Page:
The word sustainability is in many ways an outgrowth of the classical environmentalism of the 1960s, with its earliest roots in the concept of Sustained Yield Management, as advanced by the USDA in the Multiple Use-Sustained Yield Act, which defined sustained yield as the maintenance of high-level output of renewable resources (specifically forests), with no degradation of the land’s productivity. One critique of this definition given in class was that it seemed to equate sustainability with complete equilibrium, something rarely seen with life. The Brundtland Report introduced a broader idea of sustainability based on intergenerational equity—the idea that sustainable development involves meeting current needs while not compromising later ones. Additionally, the Brundtland Report emphasized the interconnected nature of current global crises and the necessity of vastly increased global equity. Though criticized by William Adams as offering only vague idealism regarding potential solutions to the global crises, the Brundtland Report was nevertheless important as an affirmation of the importance of a drastic change in how we view the role and nature of development.
Far less palatable to a capitalist audience than the ecodevelopment proposed by the Brundtland Report, the articles by Lynn White (“The Historical Roots of Our Ecologic Crisis”) and Arne Naess (“The Shallow and the Deep, Long Range Ecology Movements”), and the Ecotopia excerpt all connected to the ideas of sustainability and development in rather radical ways. White argued that the basis of humanity’s ecological destructive development laid in the notion, generated by Christianity, of a hierarchical separation between man and nature, with man entitled to exploit nature for his own gain. Similar ideas, though lacking White’s focus on religion, permeated the Naess article and Ecotopia. Naess differentiated between shallow and deep ecology, the former being a concern about ecological degradation decreasing the standard of living for humans, and the later involving a total deconstruction of the distinction between humanity and the environment and the development of an ecological egalitarianism. Ecotopia used fiction to visualize a society which committed fully to these deep ecology views, treating trees as sacred and steadily decentralizing and depopulating so as to make human society reconnected with nature.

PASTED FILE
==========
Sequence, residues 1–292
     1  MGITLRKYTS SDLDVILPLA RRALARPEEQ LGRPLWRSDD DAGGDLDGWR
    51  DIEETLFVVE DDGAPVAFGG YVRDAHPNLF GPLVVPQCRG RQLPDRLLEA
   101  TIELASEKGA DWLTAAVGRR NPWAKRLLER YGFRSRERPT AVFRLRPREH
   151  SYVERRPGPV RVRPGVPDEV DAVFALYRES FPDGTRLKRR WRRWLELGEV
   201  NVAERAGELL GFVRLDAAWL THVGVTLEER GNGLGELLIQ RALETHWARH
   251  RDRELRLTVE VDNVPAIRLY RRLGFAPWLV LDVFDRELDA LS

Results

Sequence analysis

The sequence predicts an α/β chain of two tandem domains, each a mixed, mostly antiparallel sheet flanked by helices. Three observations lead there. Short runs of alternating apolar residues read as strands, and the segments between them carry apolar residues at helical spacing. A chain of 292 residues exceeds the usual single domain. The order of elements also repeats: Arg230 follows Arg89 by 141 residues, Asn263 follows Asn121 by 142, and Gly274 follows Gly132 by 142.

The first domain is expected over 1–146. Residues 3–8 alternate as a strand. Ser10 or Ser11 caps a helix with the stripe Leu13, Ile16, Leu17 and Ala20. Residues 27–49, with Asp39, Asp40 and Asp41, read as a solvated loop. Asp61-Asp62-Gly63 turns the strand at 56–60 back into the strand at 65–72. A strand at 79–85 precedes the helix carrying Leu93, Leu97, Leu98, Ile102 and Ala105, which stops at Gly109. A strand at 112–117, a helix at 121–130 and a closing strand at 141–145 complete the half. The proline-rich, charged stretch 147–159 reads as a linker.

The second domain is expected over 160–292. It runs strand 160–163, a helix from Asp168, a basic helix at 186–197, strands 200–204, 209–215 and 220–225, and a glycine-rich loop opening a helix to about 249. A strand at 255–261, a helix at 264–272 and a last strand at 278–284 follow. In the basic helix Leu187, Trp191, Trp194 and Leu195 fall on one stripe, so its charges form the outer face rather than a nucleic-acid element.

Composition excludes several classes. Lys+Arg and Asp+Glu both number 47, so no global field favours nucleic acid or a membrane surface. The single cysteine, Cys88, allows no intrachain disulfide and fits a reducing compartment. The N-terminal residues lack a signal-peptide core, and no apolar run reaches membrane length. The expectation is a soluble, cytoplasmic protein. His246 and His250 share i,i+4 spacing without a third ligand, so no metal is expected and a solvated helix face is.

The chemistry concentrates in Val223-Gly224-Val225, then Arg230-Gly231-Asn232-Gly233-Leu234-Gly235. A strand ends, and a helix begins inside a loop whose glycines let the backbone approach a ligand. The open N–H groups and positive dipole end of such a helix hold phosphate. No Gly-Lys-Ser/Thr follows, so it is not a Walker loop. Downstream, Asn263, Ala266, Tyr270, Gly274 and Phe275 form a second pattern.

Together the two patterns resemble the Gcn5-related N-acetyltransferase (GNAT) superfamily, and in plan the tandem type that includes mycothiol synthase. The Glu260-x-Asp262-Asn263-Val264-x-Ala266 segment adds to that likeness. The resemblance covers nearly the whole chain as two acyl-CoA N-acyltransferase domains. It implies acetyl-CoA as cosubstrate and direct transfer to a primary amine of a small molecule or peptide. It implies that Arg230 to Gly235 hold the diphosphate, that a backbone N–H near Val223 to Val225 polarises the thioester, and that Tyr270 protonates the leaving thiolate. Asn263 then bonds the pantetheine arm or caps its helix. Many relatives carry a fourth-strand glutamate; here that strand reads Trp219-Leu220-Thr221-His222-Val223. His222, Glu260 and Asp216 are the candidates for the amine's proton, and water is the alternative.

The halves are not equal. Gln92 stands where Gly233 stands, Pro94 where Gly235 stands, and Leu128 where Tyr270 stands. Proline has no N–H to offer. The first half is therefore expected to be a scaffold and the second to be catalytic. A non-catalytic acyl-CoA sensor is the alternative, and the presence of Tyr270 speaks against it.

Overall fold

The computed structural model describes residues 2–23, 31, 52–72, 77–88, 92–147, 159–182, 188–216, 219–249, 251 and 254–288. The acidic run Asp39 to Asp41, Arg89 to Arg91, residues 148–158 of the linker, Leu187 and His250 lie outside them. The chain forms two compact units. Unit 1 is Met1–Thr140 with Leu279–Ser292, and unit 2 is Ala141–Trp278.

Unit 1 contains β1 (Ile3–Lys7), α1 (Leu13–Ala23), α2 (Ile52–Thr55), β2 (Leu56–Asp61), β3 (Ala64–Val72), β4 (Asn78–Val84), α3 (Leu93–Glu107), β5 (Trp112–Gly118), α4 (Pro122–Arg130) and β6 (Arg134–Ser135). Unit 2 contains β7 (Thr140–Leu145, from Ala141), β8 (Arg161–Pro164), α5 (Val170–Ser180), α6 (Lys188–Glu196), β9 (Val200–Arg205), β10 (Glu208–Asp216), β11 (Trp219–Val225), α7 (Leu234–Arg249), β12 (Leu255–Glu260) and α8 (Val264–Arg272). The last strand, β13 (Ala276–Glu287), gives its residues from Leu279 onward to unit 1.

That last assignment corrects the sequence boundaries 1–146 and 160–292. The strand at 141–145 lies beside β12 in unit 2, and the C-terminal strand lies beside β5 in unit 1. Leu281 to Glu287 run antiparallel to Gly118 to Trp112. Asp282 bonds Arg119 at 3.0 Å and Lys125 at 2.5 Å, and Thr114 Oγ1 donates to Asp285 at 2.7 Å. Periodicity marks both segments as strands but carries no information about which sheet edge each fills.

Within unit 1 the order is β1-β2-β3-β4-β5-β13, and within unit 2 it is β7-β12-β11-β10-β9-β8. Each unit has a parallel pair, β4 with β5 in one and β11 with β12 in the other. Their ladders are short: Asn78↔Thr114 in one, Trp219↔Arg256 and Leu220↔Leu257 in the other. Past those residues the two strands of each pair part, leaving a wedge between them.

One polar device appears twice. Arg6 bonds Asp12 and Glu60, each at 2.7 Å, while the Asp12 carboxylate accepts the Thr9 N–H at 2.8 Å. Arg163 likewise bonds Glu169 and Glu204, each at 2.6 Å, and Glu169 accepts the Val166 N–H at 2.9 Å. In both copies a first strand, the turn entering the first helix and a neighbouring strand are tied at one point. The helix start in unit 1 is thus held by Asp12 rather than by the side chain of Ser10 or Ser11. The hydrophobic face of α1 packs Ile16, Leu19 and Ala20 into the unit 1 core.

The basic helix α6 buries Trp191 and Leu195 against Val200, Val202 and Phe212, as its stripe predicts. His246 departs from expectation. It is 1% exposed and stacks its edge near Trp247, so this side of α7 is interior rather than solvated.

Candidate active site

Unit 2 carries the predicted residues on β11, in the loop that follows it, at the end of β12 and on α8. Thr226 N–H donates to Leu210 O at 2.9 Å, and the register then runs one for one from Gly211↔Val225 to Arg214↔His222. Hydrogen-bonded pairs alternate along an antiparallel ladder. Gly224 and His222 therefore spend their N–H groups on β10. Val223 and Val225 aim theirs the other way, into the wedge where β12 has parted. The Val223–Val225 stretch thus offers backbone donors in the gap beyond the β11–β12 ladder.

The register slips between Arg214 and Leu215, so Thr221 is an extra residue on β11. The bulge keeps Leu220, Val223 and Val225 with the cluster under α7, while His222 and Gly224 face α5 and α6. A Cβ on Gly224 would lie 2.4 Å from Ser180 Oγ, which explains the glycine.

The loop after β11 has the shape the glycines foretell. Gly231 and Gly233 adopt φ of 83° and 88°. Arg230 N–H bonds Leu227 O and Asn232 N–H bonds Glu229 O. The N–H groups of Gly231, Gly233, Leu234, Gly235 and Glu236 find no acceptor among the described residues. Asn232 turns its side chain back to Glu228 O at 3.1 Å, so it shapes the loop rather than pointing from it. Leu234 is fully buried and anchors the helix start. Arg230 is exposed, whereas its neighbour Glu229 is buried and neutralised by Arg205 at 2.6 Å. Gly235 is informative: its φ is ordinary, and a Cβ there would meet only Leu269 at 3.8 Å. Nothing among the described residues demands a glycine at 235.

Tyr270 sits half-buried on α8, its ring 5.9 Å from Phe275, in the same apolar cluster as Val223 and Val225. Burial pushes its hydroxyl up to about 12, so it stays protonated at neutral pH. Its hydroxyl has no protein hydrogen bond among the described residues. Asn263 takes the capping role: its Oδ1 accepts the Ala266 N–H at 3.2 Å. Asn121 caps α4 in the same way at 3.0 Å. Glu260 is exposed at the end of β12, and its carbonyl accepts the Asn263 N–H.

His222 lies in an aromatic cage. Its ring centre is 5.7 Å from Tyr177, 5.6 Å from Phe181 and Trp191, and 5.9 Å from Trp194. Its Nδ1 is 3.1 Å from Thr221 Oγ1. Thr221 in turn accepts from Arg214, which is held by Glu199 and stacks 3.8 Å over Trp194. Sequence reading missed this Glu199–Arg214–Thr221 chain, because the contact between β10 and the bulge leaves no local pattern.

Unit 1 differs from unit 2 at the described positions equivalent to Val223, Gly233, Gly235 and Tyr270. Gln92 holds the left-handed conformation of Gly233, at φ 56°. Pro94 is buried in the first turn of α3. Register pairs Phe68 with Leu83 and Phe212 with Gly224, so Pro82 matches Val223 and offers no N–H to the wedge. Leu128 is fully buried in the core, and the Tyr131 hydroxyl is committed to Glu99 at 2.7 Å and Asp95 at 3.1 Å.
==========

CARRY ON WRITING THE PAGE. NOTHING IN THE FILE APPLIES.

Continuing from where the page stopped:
The ideals of deep ecology, ecospirituality and sustainability as expressed by the Brundtland Report all involve values far more complex and far-reaching than those behind the contemporary, locally-focused projects using sustainability as their buzzword of choice. In this way, the realm of “sustainability” shrinks to a local and shallow level. A common theme throughout these readings was that solving ecological problems requires a shift in public consciousness rather than just application of technologies considered “green”.